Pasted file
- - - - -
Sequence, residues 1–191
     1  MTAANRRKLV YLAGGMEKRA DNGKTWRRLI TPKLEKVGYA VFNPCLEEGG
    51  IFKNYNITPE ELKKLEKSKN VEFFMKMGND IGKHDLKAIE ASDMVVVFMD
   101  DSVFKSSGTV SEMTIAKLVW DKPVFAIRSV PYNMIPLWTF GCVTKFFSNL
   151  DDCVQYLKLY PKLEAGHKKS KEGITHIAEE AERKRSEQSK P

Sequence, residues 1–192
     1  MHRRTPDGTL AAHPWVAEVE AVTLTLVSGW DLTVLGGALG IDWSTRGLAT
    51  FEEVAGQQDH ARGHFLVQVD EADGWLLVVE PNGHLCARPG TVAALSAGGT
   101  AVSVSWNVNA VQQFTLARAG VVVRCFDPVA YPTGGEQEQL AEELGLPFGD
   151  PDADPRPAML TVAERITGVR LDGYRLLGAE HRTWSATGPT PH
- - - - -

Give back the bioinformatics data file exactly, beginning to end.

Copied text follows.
Sequence, residues 1–191
     1  MTAANRRKLV YLAGGMEKRA DNGKTWRRLI TPKLEKVGYA VFNPCLEEGG
    51  IFKNYNITPE ELKKLEKSKN VEFFMKMGND IGKHDLKAIE ASDMVVVFMD
   101  DSVFKSSGTV SEMTIAKLVW DKPVFAIRSV PYNMIPLWTF GCVTKFFSNL
   151  DDCVQYLKLY PKLEAGHKKS KEGITHIAEE AERKRSEQSK P

Sequence, residues 1–192
     1  MHRRTPDGTL AAHPWVAEVE AVTLTLVSGW DLTVLGGALG IDWSTRGLAT
    51  FEEVAGQQDH ARGHFLVQVD EADGWLLVVE PNGHLCARPG TVAALSAGGT
   101  AVSVSWNVNA VQQFTLARAG VVVRCFDPVA YPTGGEQEQL AEELGLPFGD
   151  PDADPRPAML TVAERITGVR LDGYRLLGAE HRTWSATGPT PH